Uganda's parliament shelved its notorious anti-gay bill on May 13, 2011. Here members of the Ugandan gay community attend the funeral of murdered gay activist David Kato on January 28, 2011. Although the police claimed Kato's killing was the result of a petty robbery, many members of the gay and the human rights community charge the murder was a hate crime, a result of the climate of intolerance toward gays that grew because of the anti-homosexuality bill.
Credit: Marc Hofer

The man who killed leading gay rights activist David Kato has been convicted by a court in Uganda and sentenced to 30 years in prison.

Ugandan Sidney Nsubunga Enoch told the court that he had no option but to beat Kato to death with a hammer because the gay activist had propositioned him, BBC reported.

The court disagreed and gave him three decades in prison for the crime.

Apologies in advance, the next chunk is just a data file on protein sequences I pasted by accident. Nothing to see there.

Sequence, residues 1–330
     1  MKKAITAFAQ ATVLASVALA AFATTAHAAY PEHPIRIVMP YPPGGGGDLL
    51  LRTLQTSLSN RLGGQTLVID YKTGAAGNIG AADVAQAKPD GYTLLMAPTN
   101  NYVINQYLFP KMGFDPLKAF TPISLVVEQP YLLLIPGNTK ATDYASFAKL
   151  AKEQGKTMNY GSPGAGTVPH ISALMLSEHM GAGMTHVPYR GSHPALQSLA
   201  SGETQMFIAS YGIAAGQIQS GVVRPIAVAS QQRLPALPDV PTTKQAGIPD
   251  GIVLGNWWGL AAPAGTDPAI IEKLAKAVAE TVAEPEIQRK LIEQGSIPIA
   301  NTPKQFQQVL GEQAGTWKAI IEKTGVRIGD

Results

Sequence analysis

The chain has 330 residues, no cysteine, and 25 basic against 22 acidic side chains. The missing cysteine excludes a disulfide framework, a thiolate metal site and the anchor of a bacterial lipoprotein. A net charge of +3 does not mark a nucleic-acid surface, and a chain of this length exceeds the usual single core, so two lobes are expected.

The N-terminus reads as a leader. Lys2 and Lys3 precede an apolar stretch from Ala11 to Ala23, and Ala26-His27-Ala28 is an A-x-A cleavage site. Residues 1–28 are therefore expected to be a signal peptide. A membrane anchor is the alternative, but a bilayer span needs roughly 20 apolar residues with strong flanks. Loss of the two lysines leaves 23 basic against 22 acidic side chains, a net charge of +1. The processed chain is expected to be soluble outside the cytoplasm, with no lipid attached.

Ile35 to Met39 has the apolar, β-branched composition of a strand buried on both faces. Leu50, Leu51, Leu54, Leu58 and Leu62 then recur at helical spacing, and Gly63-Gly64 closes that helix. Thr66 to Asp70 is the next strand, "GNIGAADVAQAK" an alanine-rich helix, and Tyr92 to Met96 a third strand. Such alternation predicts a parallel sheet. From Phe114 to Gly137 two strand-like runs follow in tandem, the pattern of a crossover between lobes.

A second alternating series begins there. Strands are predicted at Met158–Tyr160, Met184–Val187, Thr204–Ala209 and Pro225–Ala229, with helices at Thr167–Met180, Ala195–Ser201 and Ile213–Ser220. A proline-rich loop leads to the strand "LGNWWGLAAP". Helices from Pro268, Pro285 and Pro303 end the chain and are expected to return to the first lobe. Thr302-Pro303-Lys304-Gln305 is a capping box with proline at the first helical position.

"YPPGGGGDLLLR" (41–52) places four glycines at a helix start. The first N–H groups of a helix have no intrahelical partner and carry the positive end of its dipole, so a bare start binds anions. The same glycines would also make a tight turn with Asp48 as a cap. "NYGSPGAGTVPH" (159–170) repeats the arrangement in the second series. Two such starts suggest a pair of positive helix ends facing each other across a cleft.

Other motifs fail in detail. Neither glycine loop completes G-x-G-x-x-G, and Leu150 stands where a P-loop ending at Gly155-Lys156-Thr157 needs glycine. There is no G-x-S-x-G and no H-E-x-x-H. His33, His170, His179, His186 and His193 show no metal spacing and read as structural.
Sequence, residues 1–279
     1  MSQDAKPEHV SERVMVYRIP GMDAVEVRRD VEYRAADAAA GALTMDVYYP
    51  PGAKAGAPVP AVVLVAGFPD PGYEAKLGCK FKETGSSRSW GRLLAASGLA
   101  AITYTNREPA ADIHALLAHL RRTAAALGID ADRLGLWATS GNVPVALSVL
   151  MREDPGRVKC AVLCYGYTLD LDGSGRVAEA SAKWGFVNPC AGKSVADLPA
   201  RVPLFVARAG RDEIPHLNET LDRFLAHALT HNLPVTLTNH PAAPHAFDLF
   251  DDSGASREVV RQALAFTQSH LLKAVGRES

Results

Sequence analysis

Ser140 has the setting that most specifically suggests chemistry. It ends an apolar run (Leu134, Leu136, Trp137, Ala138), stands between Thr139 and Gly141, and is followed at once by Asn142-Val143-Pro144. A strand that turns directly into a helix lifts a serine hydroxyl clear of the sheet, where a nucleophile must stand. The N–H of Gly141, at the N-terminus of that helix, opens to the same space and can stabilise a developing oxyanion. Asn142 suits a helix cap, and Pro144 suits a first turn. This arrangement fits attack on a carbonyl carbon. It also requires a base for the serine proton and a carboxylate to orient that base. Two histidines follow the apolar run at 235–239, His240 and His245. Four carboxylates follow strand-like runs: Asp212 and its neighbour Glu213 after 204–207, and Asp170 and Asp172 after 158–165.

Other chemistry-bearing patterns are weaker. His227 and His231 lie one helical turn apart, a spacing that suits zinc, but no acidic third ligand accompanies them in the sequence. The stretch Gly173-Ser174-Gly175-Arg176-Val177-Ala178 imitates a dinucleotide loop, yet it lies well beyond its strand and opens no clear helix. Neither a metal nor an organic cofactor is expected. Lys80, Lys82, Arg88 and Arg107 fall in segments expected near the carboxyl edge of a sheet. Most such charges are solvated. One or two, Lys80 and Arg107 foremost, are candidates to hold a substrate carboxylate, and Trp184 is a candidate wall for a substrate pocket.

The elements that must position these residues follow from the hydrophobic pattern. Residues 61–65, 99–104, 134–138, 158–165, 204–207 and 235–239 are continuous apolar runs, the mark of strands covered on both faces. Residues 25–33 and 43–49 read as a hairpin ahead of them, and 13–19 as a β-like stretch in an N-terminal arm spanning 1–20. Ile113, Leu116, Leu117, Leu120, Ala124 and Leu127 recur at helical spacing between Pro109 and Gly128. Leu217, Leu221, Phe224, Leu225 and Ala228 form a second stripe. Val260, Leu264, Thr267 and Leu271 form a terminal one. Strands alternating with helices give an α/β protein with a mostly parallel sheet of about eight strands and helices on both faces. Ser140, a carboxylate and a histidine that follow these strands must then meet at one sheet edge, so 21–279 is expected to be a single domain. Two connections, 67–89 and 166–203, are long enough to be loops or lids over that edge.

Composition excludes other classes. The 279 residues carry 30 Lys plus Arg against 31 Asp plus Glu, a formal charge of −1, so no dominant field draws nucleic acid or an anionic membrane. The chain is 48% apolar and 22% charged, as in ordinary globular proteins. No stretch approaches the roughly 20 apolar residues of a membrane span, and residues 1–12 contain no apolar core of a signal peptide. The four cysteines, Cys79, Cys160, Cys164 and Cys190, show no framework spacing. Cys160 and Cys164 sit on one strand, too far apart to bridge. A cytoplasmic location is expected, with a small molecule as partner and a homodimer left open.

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Kato, a school teacher, was killed shortly after a local newspaper ran the names and photographs of members of the community who are gay under the banner, "Hang Them," the Associated Press reported.

Homosexuality is illegal in Uganda, like in many African countries, and the case sparked international outcry and demands by world leaders and donor groups that the government legalize the practice.

The New York Times wrote after Kato's death that Uganda is on the "front lines" of the battle in Africa over homosexuality.

Conservative Christian groups that espouse antigay beliefs have made great headway in this country and wield considerable influence. Uganda’s minister of ethics and integrity, James Nsaba Buturo, who describes himself as a devout Christian, has said, “Homosexuals can forget about human rights.”

At the same time, American groups that defend gay rights have also poured money into Uganda to help the beleaguered gay community.

President Obama came out against a bill that was in Uganda's parliament that would have made homesexuality by some groups like teenagers punishable by the death penalty.

Gay activists have blamed evangelical preachers for increased levels of homophobia in the country, AP reported.

More from GlobalPost: Is this the end of Uganda's anti-gay law?

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